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12

How is cord blood collected/stored?

- Taken at birth/delivery

- HSCs may be infused fresh or cryopreserved (cord blood itself is cryopreserved?)

13

What are indications/uses for autologous SC transplantation?

Malignant diseases:

- Myeloma

- Non-Hodgkin Lymphoma

- Hodgkin lymphoma

- Acute leukemia

(Autoimmune diseases- reboots the system)

14

What are indications/current uses for allogeneic SC transplantation?

Hematological malignancies:

- AML

- ALL

- CML

- (CLL)

- (Myeloma)

- (Lymphoma)

Non-malignant disorders:

- Aplastic anemia

- Immunodeficiencies

- Hemoglobinopathies

- Metabolic storage diseases

- (Autoimmune diseases)

15

What are the most common indications for overall HSCT in the US? Autologous? Allogeneic?

1. Myeloma/PCD

2. NHL

Autologous: Myeloma/PCD

Allogeneic: AML (also ALL, MDS/MPD)

16

What preparative regimens does the HSC recipient need to undergo?

Chemo +/- radiation

- Busulfan, cyclophosphamide

Immunosuppressive agents:

- ATG (anti-thymocyte globulin)

- Monoclonal Abs (e.g. Campath: Anti-CD52)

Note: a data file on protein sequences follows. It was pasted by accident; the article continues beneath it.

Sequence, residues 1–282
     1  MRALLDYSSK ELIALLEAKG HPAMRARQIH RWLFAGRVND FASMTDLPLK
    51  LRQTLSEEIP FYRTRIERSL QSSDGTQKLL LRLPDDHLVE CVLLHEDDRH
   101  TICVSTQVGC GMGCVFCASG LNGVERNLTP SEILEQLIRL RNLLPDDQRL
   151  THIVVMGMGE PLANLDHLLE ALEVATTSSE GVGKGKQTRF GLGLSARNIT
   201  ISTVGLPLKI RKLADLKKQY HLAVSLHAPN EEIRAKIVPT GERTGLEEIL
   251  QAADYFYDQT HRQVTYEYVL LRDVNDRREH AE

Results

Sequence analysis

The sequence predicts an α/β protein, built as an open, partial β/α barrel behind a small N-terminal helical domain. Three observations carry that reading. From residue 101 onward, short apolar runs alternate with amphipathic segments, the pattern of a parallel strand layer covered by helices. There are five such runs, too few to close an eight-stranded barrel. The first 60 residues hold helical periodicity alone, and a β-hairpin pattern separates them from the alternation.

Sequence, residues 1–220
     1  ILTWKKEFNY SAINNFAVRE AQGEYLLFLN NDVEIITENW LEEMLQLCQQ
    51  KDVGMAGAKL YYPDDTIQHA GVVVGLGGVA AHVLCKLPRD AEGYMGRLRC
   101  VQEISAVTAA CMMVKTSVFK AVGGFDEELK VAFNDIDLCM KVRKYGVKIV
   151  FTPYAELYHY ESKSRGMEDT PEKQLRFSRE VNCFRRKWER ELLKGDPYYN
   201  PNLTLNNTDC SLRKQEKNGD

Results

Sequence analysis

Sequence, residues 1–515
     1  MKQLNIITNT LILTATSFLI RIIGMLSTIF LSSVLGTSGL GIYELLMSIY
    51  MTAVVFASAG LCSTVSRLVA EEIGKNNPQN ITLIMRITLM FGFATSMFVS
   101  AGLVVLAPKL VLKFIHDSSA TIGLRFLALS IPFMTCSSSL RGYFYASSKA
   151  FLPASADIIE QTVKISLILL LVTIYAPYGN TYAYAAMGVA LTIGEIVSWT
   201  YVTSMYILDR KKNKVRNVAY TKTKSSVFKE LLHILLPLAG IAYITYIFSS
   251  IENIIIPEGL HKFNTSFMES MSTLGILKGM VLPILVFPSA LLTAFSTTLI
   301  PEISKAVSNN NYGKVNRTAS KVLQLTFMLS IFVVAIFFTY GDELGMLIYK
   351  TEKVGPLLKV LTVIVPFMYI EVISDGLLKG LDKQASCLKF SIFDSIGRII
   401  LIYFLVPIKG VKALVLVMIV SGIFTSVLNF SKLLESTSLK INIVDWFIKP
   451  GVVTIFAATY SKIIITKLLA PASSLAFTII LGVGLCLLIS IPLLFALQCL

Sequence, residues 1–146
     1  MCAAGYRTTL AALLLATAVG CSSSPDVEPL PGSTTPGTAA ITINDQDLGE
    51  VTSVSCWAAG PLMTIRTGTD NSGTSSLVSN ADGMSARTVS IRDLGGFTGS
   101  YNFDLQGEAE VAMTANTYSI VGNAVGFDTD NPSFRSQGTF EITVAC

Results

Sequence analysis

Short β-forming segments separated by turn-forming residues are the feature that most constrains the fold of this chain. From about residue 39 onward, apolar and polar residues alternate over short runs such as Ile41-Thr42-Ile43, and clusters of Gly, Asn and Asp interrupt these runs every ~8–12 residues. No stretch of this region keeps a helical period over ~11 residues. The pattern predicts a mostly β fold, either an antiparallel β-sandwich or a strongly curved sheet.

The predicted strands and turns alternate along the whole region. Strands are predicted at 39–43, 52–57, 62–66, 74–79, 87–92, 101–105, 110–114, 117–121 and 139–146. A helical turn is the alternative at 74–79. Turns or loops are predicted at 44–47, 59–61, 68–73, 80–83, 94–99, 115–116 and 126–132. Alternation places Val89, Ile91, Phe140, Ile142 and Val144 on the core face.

17

What are the goals of conditioning regimens for the recipient?

- Ablate host immune system to ensure engraftment (not rejected)

- Eradicate malignancy to prevent relapse (leads to myeloablation)

- Minimize toxicity

18

What are "mini" transplants?

- Use reduced intensity or on-myeloablative conditioning regimens

- Initial mixed chimerism (i.e. donor and recipient hematopoiesis) is followed by conversion to full chimerism allowing graft vs. tumor effect (get host hematopoiesis to go away)

- Less toxicity in older pts

- Different sensitivity of different tumors

19

What is the process of HSC infusion?

- HSC product infused into blood stream

- HSCs home to marrow and engraft over 10-30 days

20

What is the best HSC product to use?

Depends on available choices and clinical scenario

21

Peripheral blood vs. marrow